Ant and Related Entomology Terms

(terms restricted to the study of social insects; such as, ants and words that apply generally to entomology)

group transport
The coordinated transport of a food item by two or more workers.
An individual ant containing patches of both male and female tissue.
A female that is a member of the reproductive caste, whether functioning as a reproductive at the moment or not; hence, an ant queen in the broad sense.
Queen-like; specifically an ant worker with some typically queen features; such as, an enlarged abdomen.
A female containing patches of tissue of both the queen and worker castes.
The mode of sex determination in which males are derived from haploid (single set of unpaired chromosomes) eggs and females from diploid (two sets of chromosomes) eggs.
The founding of a colony by a single queen; as opposed to pleometrosis (multiple queens).
harvester ants and vegetation
There is general agreement among students of ant ecology that harvesters strongly alter the abundance and local distribution of flowering plants; especially, in deserts, grasslands, and other xeric (dry) habitats where the ants are most abundant.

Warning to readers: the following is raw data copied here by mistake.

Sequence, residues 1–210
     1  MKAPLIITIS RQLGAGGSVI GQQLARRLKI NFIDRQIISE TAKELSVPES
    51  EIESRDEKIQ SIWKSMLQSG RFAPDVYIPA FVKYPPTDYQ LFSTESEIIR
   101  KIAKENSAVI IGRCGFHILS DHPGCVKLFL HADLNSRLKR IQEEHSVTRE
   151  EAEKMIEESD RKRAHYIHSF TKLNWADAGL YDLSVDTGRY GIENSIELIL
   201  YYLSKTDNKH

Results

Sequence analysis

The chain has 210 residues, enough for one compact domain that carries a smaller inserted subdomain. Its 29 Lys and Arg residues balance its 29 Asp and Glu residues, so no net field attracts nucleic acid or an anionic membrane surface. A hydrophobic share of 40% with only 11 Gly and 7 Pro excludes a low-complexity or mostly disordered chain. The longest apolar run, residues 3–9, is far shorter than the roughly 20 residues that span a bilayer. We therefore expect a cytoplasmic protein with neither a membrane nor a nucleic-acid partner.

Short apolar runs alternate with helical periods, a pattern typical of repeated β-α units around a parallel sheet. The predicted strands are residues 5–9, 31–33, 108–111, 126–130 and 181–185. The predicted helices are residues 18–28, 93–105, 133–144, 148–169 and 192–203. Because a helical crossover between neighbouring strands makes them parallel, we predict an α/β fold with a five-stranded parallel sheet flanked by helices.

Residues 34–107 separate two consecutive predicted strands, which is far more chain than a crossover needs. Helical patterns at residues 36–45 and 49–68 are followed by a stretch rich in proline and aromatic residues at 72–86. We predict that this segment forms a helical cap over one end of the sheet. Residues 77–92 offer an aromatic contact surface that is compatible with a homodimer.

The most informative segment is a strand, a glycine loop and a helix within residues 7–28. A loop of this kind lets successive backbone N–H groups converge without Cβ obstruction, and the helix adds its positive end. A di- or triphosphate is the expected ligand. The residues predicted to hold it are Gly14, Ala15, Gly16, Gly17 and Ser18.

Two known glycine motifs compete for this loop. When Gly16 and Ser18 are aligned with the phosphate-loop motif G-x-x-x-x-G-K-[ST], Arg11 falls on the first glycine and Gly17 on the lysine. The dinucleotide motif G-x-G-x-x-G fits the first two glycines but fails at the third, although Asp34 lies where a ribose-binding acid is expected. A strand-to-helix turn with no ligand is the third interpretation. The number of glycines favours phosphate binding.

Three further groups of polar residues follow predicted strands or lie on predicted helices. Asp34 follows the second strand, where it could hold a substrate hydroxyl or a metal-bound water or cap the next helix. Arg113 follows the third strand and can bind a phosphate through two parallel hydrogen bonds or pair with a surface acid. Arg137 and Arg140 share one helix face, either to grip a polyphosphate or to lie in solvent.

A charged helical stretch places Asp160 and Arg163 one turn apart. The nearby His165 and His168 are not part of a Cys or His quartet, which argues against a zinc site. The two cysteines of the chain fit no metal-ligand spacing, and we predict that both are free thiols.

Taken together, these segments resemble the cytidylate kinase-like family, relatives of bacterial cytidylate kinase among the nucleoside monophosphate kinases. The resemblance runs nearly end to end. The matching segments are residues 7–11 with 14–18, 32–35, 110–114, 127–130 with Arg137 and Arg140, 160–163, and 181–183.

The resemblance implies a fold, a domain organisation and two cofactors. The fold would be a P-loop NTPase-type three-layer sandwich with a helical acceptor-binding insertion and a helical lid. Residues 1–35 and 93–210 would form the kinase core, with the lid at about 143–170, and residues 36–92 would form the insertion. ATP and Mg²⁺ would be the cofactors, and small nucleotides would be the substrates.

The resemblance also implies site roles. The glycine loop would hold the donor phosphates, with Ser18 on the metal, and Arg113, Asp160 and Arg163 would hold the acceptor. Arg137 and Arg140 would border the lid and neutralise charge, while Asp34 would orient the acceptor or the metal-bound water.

harvesting ants
An ant species that feed substantially on seeds and store them in their nests.
Undergoing development which is gradual and lacks a sharp separation into larval, pupal, and adult stages.

Termites, for example, are hemimetabolous; as opposed to holometabolous (distinct larval, pupal, and adult stages).

Same as colony swarming, that is, the reproduction of colonies by the separation of colony fragments accompanied by fertile queens.
The metabolic dissolution and absorption of a tissue; such as, the wing muscles of the young queen during colony founding.
Undergoing a complete metamorphosis (change in form and habits) during development, with distinct larval, pupal, and adult stages.
The maintenance of a steady state; especially, a physiological or social condition, by means of self-regulation through internal feedback responses.
A member of, or pertaining to, the insect order Homoptera, which includes the aphids, jumping plant lice, treehoppers, spittlebugs, whiteflies, and related groups.

Here are two additional word units that deal directly with "ants": formic- and myrmeco-.

Index of additional Scientific and Technological Topics.

Bibliography of Entomology or Insect Terms (The Ants).